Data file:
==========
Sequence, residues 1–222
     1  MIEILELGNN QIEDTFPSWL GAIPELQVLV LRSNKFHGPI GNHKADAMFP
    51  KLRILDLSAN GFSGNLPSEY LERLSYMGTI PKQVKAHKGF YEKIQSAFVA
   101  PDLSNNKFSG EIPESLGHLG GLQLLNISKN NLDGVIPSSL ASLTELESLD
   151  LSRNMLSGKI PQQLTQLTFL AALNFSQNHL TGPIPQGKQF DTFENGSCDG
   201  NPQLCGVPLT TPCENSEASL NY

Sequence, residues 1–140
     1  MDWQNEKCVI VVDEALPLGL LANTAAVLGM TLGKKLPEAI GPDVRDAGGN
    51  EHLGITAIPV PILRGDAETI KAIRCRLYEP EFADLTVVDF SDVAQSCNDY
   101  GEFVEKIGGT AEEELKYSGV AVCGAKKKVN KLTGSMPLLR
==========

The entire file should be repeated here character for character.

Sequence, residues 1–222
     1  MIEILELGNN QIEDTFPSWL GAIPELQVLV LRSNKFHGPI GNHKADAMFP
    51  KLRILDLSAN GFSGNLPSEY LERLSYMGTI PKQVKAHKGF YEKIQSAFVA
   101  PDLSNNKFSG EIPESLGHLG GLQLLNISKN NLDGVIPSSL ASLTELESLD
   151  LSRNMLSGKI PQQLTQLTFL AALNFSQNHL TGPIPQGKQF DTFENGSCDG
   201  NPQLCGVPLT TPCENSEASL NY

Sequence, residues 1–140
     1  MDWQNEKCVI VVDEALPLGL LANTAAVLGM TLGKKLPEAI GPDVRDAGGN
    51  EHLGITAIPV PILRGDAETI KAIRCRLYEP EFADLTVVDF SDVAQSCNDY
   101  GEFVEKIGGT AEEELKYSGV AVCGAKKKVN KLTGSMPLLR